When he was about 60 years old, St. Patrick travelled to Ireland to spread the Christian word. It's said that Patrick had an unusually winning personality, and that helped him win converts. He used the shamrock, which resembles a three-leafed clover, as a metaphor to explain the concept of the Trinity (father, son, holy spirit).

Legend has it that Saint Patrick drove all the snakes out of Ireland -- that they all went into the sea and drowned. Poor snakes. I don't know why he would want to do this, except that the snake was a revered pagan symbol, and perhaps this was a figurative tale alluding to the fact that he drove paganism out of Ireland.

"JOHNNY COME LATELY -- INDEED!"

Dad, why do they make such a production of St. Patrick's Day
When the Irish are really Johnny Come Latelys to the USA?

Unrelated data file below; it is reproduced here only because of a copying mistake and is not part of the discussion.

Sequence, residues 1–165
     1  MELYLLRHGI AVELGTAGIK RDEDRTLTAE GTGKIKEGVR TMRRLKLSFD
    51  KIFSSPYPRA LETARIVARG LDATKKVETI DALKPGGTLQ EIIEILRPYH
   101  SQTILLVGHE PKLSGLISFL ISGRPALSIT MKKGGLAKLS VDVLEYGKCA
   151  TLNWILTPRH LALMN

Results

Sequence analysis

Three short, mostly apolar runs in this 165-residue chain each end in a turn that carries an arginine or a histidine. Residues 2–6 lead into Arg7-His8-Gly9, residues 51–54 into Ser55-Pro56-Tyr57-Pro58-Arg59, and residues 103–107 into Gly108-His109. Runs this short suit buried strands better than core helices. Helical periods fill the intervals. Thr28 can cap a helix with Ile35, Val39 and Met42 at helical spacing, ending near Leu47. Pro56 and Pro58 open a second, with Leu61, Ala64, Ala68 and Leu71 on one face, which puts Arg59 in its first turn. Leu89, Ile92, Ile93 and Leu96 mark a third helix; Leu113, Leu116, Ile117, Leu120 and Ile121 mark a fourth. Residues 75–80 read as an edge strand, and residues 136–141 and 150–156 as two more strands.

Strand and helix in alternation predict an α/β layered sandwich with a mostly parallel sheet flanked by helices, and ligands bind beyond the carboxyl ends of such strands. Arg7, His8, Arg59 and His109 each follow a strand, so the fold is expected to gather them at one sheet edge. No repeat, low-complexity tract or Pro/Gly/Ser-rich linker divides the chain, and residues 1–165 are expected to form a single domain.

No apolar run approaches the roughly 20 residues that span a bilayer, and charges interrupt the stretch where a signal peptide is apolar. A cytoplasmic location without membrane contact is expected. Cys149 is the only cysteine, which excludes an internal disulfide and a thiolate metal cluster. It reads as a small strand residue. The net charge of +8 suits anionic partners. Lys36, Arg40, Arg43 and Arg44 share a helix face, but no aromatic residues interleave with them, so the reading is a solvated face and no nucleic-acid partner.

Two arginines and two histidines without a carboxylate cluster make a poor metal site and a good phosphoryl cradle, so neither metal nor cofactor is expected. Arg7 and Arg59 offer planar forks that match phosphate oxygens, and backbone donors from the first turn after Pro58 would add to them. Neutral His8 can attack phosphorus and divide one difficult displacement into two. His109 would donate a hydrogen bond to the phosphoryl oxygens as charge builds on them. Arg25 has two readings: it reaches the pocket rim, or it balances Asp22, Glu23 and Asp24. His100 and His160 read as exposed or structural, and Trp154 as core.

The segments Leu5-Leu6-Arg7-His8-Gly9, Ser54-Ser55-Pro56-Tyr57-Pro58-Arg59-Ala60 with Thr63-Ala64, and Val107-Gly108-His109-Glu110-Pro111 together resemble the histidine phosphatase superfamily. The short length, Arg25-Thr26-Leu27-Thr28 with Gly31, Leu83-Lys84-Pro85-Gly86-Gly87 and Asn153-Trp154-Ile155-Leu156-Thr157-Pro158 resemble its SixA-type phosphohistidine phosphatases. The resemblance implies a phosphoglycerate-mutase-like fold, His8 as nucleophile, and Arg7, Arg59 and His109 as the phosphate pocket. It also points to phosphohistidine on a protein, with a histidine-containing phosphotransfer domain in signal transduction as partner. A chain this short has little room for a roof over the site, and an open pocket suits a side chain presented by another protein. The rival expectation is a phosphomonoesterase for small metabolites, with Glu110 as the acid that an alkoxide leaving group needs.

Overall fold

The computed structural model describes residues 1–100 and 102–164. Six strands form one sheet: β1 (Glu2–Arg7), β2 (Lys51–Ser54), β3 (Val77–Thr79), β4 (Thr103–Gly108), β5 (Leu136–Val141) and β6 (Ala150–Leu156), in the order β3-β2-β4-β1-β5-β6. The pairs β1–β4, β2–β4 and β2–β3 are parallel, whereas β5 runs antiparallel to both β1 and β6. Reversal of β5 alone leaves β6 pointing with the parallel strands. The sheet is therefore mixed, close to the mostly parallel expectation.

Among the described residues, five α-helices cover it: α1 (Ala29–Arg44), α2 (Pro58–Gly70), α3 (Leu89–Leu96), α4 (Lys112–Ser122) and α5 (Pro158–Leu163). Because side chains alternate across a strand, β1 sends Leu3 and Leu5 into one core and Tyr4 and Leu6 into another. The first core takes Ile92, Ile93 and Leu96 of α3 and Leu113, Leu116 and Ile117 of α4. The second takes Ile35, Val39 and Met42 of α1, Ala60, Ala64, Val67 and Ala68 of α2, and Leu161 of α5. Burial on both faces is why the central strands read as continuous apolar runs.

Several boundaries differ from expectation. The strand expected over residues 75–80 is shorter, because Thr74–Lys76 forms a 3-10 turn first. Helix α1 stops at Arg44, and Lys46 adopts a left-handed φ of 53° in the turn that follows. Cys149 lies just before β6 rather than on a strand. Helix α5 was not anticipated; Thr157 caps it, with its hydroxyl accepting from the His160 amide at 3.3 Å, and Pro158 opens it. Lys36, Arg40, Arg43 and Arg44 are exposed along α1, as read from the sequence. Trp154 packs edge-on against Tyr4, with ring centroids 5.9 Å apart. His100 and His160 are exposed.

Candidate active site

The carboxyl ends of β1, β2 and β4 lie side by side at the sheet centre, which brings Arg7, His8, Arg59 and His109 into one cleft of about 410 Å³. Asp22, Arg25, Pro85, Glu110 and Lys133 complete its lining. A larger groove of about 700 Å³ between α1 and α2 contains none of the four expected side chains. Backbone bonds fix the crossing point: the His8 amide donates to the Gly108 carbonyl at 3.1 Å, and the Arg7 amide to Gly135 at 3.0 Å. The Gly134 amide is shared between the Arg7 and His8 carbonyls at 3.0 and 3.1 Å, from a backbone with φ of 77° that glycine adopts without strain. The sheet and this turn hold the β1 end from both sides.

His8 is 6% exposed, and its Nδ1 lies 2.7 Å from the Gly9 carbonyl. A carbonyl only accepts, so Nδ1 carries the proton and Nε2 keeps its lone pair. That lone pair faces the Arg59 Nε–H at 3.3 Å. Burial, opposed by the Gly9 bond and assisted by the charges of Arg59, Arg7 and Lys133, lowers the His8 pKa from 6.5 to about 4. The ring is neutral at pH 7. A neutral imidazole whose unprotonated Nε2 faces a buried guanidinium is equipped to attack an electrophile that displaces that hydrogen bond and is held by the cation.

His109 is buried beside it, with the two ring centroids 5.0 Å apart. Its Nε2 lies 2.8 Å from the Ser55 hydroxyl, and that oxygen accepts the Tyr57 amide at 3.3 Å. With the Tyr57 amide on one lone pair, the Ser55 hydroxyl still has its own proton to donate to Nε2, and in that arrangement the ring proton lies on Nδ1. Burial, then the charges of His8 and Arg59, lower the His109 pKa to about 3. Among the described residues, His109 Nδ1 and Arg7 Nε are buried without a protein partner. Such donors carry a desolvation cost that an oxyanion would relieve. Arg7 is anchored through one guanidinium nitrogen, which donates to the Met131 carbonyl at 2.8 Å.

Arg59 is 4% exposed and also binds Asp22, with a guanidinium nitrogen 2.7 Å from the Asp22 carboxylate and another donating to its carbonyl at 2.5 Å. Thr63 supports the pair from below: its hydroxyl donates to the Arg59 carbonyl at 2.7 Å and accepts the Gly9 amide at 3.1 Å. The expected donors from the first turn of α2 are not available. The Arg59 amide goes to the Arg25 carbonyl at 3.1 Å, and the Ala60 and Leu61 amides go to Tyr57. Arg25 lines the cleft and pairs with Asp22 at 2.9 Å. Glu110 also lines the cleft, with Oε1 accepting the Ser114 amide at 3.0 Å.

They didn't arrive until about eighteen forty-eight,
After Eire's potato crop failed and they had to emigrate.
They had no choice, it was leave home or die of starvation,
So they came in steerage by the thousands to our nation.

Son, obviously what your history books fail to say,
Is, the Irish have been around forever and a day.
When Columbus first landed on the shores of our land,
Patrick McGuire was the first to make footsteps on the sand.
And when you scan the roster of the Santa Maria's crew,
You find many, many more Gaelic names on that list too.

Half of the soldiers in the Colonial Army were born in Ireland,
Many Murphys, 230 O'Briens, 872 Kellys, were in Washington's command.
Eleven of his Generals had fighting Irish blood in their veins,
John Barry, our first Commodore controlled the sea lanes.
Washington himself belonged to the Friendly Sons of St. Patrick,
He knew the British and the Hessians, The Irish Brigade would lick.

Now, run your eye down the signers of the Declaration of Independence,
Thornton, Wilson, Taylor and Smith were born Irish, thanks to Providence.
McKean, Read and Rutledge were of pure Gaelic parentage,